We implore you to be aware and proactive about all these issues and #MakeAnIMPACT! Change does not happen overnight and it certainly cannot be done with just those who are in the field. Change can only happen when more and more people start caring and lend a hand in these issues in any way that they can. Educate yourselves about human trafficking and sexual violence in conflict; you have nothing to lose. If anything, you gain more knowledge in your arsenal and you will be able to recognise the possible signs of a person who is being human trafficked and/or victims of sexual violence. These situations could happen to anyone, your brother, your cousin, your best friend, your significant other. There is no manual for the list of possible victims; the pool for people who could end up being in these terrible situations is exactly right in front of you – everyone could be a victim. YOU can make a difference in your own ways with people around you, especially those you care and love. BE the change and #MakeAnIMPACT!

Join IMPACT in Celebrating PEACE on the International Day of Peace

Each year the International Day of Peace is celebrated on 21 September. The United Nations has declared this day as a day devoted to strengthening the ideals of peace within and among nations. This year’s theme for #Peaceday is “Together for Peace: Respect, Safety and Dignity for All” and focuses on engaging and mobilizing people throughout the world #JoinTogether to show support for refugees and migrants.

Although people may have legitimate concerns of the physical and economic insecurities that go hand in hand with large movements of refugees and migrants, it is also important to understand the shared benefits of migration to economies, people and nations as well as to remind ourselves of our common humanity. Refugees and migrants have oftentimes been through extreme hardship, which may have even included victimization through human trafficking and/or conflict-related sexual violence. Indeed, in the context of mass migration, women, men and children affected by conflict, displacement or violent extremism are particularly at risk of falling prey to traffickers owing to the collapse of protective political, legal, economic and social systems. With IMPACT: Center against Human Trafficking and Conflict-Related Sexual Violence our goal is to prevent and address human trafficking and conflict-related sexual violence so that we will live in a world of peace with respect, safety and dignity for all.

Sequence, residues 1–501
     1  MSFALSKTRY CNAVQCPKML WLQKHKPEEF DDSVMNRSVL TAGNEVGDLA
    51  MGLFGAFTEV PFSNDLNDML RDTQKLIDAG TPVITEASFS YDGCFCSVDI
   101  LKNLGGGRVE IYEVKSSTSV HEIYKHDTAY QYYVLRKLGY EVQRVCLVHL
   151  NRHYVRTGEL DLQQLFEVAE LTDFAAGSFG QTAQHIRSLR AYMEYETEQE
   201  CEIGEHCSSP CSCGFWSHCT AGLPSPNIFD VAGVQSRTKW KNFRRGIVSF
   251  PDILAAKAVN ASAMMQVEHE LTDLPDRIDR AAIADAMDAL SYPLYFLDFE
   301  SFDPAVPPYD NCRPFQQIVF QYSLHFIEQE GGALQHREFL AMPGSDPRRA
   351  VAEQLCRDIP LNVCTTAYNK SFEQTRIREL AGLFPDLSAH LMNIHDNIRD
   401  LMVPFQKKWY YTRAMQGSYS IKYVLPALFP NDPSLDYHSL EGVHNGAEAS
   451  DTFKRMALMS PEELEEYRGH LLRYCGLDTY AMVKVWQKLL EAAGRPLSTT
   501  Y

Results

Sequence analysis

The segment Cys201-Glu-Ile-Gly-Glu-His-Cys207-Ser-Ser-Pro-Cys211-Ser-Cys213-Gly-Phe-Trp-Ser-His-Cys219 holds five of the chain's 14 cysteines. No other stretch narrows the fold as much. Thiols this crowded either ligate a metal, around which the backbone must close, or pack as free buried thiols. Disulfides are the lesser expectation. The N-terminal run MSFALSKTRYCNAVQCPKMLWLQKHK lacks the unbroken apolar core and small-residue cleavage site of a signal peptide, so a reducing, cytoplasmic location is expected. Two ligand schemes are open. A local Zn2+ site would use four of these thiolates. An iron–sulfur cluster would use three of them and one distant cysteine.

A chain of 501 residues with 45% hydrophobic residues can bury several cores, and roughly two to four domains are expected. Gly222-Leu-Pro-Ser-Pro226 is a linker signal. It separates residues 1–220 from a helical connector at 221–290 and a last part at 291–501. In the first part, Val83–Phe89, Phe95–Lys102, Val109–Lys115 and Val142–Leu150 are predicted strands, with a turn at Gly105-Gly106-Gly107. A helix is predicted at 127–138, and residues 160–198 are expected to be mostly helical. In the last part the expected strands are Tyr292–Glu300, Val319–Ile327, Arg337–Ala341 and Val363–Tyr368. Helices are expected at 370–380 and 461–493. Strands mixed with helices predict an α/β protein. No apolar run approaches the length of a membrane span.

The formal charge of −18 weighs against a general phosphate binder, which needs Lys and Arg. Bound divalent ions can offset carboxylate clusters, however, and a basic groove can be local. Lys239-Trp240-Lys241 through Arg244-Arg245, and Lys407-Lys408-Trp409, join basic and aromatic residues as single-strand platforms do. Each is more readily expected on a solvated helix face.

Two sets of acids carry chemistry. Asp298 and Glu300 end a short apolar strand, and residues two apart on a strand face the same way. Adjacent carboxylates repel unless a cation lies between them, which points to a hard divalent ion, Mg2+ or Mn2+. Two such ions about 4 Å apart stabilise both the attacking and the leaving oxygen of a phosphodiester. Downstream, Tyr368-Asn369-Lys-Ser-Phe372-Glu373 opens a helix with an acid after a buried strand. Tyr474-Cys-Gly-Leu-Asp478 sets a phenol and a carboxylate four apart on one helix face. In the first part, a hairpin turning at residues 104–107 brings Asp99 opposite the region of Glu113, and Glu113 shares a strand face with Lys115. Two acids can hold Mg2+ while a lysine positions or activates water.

How are we going to do this? And what is human trafficking and conflict-related sexual violence in the first place? Human trafficking entails, in short, luring a person into a situation of exploitation with the objective of making profit at the expense of that person. The forms of exploitation can be different and do not only include sexual exploitation as most people may think. Labour exploitation, forcible removal of organs and, at the EU level, forced criminality and forced begging are also considered to fall within the broader term of human trafficking. Conflict-related sexual violence can take on many forms as well, but all have at least a sexual aspect, and may include rape, sexual slavery, forced prostitution, forced pregnancy, forced abortion and enforced sterilization. Both human trafficking and conflict-related sexual violence can take place in times of peace, conflict and post-conflict; the crimes can take place simultaneously or follow each other consecutively.